Last Updated on December 2, 2022 by Mansoor Abbasi
The electrical consumer units are the main controllers and distributors of energy supply in your property, a house, a building, or a factory. The consumer unit is present near where the electrical wire enters from the mains in most properties. It is an essential component of the electric supply in your home, and you should understand it thoroughly to prevent an accident or electrical hazard. In this article, you’ll completely understand the consumers unit.
First, we need to answer the question “What is a consumer unit?” Consumer units supply electricity to all the circuits in your home. Therefore, it is composed of several different components, all of which are responsible for their part of the system. Familiarizing yourself with these components is essential to understanding how your consumer unit functions and how it may encounter problems in the future.
All of the circuits in your home are powered by the consumer unit, which comprises numerous components, each of which has a specific duty. It’s essential to become familiar with these components to comprehend how your consumer unit functions and any potential issues it might experience.
How the consumer unit works?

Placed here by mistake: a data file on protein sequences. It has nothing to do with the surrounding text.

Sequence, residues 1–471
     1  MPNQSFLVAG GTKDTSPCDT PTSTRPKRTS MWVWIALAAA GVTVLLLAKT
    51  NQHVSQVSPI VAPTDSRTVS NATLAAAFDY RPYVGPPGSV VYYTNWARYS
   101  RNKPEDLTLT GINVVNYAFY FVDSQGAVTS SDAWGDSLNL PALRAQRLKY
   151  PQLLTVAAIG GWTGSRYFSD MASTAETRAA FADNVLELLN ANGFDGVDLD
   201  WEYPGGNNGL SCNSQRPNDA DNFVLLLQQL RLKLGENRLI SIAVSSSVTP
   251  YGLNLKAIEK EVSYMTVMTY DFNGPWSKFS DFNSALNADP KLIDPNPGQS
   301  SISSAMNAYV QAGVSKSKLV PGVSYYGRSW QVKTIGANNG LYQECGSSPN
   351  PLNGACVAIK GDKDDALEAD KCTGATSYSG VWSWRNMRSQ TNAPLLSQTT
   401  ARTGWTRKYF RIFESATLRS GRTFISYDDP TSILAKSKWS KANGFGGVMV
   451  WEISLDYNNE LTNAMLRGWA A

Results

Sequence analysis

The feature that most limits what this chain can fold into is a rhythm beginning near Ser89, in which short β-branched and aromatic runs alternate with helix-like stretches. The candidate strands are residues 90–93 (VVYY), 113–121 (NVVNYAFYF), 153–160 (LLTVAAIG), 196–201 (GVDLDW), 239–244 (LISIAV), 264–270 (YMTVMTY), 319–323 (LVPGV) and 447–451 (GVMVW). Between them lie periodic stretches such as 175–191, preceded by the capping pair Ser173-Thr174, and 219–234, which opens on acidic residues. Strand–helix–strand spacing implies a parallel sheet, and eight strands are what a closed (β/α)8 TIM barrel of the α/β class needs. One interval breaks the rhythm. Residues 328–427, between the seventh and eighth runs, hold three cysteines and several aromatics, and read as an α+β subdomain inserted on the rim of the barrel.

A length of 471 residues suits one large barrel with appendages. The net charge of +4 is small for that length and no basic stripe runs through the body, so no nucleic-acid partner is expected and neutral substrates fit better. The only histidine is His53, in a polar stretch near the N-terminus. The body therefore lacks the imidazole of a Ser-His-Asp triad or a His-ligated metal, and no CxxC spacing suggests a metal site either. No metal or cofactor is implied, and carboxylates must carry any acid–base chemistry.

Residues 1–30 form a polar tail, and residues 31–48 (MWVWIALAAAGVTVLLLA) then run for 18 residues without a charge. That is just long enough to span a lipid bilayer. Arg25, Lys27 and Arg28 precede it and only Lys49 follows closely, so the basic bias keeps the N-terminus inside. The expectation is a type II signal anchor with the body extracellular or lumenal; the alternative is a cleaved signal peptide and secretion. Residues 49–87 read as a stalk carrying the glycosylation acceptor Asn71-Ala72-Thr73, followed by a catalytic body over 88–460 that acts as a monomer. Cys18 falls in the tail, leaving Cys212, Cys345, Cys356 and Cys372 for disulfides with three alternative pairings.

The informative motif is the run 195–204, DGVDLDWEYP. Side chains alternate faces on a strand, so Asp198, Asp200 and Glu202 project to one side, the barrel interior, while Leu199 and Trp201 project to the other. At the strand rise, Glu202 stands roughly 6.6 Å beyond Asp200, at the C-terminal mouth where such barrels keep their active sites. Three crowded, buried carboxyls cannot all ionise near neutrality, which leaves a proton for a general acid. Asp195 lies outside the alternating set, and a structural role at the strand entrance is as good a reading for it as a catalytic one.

There are several types of components in the consumer unit of a home, including the main switch, residual current devices (RCDs), and circuit breakers. Keeping track of your consumer unit’s location should always be done in an emergency. Likewise, it would help if you always turned the facility on or off in an emergency.
What are the types of electrical consumer units?
Consumer units for electrical power perform the same functions, but they differ in size and capacity. The most common types are:
- Consumer Unit with Dual RCDs: This unit is very cost-effective. A pair of RCDs and several MCBs is included. Together, they create ten to fifteen ways to connect.
- Consumer Units Split Load: These units usually contain the main switch and an RCD, with the MCBs placed on the RCD side and the RCBOs on the primary switch side.